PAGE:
The nine Northeastern and Mid-Atlantic states participating in the Regional Greenhouse Gas Initiative (RGGI) said Sept. 9 that $67.7m was raised in the organization’s third carbon dioxide (CO2) allowance auction of 2016.
RGGI, the nation’s first market-based regulatory program to reduce greenhouse gas (GHG) pollution, said that the 33rd auction of CO2 allowances was held Sept. 7 and resulted in a clearing price of $4.54. 14,911,315 CO2 allowances were sold at the auction at the clearing price.
Bids for the CO2 allowances ranged from $2.10 to $12.65 per allowance. Additional details are available in the Market Monitor Report for Auction 33.
Potomac Economics acts as the market monitor for RGGI.
The Sept. 7 auction was the third auction of 2016, and generated $67.7m for reinvestment in strategic programs, including energy efficiency, renewable energy, direct bill assistance, and GHG abatement programs. Cumulative proceeds from all RGGI CO2 allowance auctions exceed $2.58bn.
Forty-one bidders participated in the offering of CO2 allowances. Bids were submitted to purchase 2.8 times the available supply of allowances. Compliance-Oriented Entities purchased 42% of the allowances in the offering. There was no indication of barriers to participation in the auction, according to Potomac Economics.
There were 10 million cost containment reserve (CCR) allowances also available for sale. None of the CCR allowances were sold. The CCR is a fixed additional supply of allowances that are only available for sale if CO2 allowance prices exceed certain price levels ($8 in 2016, $10 in 2017, and rising by 2.5% each year thereafter to account for inflation).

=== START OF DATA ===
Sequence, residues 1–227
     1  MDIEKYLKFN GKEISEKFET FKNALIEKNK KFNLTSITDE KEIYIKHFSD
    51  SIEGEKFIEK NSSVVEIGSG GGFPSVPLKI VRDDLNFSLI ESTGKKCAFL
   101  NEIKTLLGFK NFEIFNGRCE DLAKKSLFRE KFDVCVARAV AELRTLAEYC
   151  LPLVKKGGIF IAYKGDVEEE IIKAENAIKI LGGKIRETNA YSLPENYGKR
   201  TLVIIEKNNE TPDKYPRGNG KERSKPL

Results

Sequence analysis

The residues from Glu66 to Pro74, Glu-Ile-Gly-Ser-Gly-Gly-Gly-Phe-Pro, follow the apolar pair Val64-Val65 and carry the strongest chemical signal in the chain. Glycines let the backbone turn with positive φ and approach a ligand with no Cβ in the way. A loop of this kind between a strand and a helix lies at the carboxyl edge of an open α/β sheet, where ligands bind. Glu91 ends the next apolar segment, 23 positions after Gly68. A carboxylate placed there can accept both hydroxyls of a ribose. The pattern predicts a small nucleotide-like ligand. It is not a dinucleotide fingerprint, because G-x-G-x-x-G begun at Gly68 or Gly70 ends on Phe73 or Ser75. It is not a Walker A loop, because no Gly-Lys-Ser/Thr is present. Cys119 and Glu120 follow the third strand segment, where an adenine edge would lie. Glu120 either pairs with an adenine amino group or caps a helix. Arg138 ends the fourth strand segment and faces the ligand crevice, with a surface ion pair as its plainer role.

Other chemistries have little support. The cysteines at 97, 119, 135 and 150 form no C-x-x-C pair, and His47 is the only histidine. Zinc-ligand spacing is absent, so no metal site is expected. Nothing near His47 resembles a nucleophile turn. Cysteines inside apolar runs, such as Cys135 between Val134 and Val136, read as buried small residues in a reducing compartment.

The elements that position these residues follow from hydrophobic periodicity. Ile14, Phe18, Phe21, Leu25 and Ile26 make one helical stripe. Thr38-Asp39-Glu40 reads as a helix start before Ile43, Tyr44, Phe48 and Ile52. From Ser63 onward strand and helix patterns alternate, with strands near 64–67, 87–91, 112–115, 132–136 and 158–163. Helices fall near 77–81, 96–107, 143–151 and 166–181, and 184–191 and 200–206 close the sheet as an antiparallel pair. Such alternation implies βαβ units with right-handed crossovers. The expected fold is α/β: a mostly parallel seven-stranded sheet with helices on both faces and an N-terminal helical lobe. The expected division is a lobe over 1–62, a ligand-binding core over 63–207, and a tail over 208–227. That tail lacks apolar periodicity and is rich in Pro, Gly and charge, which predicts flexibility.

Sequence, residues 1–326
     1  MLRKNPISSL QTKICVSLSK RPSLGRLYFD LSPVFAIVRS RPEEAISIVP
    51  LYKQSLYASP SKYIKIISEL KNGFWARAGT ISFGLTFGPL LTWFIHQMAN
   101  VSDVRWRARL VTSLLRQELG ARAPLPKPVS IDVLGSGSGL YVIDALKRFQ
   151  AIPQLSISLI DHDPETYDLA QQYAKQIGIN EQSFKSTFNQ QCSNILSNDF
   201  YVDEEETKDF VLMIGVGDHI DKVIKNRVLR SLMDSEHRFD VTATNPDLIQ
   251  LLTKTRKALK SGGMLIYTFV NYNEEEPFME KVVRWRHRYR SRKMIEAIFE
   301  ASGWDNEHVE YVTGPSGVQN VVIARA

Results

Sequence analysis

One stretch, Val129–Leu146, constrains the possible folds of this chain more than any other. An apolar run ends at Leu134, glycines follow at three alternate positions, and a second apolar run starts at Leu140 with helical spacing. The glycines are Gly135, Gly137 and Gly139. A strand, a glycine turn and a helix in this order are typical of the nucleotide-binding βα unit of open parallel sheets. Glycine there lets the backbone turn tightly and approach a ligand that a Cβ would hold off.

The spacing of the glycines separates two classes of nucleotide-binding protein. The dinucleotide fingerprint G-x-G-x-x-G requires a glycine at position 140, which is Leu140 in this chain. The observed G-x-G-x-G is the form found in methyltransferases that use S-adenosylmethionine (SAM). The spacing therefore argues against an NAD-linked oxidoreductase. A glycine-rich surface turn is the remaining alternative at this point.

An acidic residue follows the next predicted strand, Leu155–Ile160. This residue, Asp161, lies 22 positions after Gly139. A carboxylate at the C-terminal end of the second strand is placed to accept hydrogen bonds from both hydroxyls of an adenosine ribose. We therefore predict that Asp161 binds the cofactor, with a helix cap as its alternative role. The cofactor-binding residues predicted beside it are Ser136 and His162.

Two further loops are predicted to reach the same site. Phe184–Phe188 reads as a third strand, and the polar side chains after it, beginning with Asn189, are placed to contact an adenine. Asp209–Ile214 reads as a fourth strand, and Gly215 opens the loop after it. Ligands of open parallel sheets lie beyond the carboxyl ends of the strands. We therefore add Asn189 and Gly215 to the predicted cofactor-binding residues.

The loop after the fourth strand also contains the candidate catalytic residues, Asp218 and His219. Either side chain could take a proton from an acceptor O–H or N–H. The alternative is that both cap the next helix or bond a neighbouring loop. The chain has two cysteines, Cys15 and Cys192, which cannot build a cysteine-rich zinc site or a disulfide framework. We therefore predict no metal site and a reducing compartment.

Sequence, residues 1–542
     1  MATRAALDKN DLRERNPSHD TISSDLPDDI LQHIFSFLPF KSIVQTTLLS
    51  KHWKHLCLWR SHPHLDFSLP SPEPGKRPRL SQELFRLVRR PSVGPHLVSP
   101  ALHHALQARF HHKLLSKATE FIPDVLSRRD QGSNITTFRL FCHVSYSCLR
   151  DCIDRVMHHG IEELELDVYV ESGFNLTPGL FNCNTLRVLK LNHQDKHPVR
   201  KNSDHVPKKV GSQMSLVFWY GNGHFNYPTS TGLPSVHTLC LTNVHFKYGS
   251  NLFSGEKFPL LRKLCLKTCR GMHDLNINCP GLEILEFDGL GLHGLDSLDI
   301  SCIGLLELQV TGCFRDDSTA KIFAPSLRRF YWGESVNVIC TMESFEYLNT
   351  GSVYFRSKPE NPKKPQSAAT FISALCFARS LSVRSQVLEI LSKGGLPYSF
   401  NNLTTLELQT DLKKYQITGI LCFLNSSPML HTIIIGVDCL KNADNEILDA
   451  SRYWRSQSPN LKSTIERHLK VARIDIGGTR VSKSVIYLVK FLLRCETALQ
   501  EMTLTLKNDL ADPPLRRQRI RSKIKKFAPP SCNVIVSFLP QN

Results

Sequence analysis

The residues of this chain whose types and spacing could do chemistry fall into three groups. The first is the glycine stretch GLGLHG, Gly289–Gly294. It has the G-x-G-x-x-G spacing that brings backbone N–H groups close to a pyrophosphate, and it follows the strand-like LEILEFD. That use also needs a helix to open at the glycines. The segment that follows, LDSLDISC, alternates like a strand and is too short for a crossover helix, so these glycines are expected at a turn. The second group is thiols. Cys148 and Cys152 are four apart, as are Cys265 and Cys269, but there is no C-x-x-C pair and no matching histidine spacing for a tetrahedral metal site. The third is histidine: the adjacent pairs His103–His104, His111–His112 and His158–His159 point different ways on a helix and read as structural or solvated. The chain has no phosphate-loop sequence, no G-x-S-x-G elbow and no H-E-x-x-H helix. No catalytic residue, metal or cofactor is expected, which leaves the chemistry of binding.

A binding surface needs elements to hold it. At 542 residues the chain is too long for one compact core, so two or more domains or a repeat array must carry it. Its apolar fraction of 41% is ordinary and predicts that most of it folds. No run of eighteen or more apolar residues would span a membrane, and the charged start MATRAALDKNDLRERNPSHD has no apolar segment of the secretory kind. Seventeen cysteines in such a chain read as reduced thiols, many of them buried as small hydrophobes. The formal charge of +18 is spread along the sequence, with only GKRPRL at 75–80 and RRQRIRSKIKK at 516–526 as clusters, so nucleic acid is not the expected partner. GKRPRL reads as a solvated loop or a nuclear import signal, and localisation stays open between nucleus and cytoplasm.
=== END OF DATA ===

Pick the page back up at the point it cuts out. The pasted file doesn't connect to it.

RGGI program elements, including the CCR cap and trigger price, are potentially subject to amendment as part of the 2016 program review.
“This auction demonstrates RGGI’s benefits to each participating state, helping to reduce harmful emissions while generating proceeds for reinvestment. Each RGGI state directs investments according to its individual goals, and this flexibility has been key to the program’s success across a diverse region.” said Katie Dykes, Deputy Commissioner at the Connecticut Department of Energy and Environmental Protection and Chair of the RGGI, Inc. Board of Directors.
The Northeast and Mid-Atlantic states participating in the third RGGI control period (Connecticut, Delaware, Maine, Maryland, Massachusetts, New Hampshire, New York, Rhode Island, and Vermont) have implemented the first mandatory market-based regulatory program in the United States to reduce greenhouse gas emissions.
The 2016 RGGI cap is 86.5 million short tons. The RGGI cap declines 2.5% each year until 2020. The RGGI states also include interim adjustments to the RGGI cap to account for banked CO2 allowances. The 2016 RGGI adjusted cap is 64.6 million short tons.